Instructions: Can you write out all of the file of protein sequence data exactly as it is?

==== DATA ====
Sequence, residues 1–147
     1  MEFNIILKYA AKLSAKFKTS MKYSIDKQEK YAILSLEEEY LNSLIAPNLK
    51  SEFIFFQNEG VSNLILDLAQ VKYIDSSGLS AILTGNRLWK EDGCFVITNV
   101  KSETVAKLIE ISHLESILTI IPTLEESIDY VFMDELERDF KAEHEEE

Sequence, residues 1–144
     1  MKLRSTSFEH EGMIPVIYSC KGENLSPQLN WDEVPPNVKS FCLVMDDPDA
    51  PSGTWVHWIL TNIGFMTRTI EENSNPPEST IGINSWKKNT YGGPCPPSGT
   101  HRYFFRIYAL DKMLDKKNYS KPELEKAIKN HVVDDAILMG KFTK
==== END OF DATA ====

Sequence, residues 1–147
     1  MEFNIILKYA AKLSAKFKTS MKYSIDKQEK YAILSLEEEY LNSLIAPNLK
    51  SEFIFFQNEG VSNLILDLAQ VKYIDSSGLS AILTGNRLWK EDGCFVITNV
   101  KSETVAKLIE ISHLESILTI IPTLEESIDY VFMDELERDF KAEHEEE

Sequence, residues 1–144
     1  MKLRSTSFEH EGMIPVIYSC KGENLSPQLN WDEVPPNVKS FCLVMDDPDA
    51  PSGTWVHWIL TNIGFMTRTI EENSNPPEST IGINSWKKNT YGGPCPPSGT
   101  HRYFFRIYAL DKMLDKKNYS KPELEKAIKN HVVDDAILMG KFTK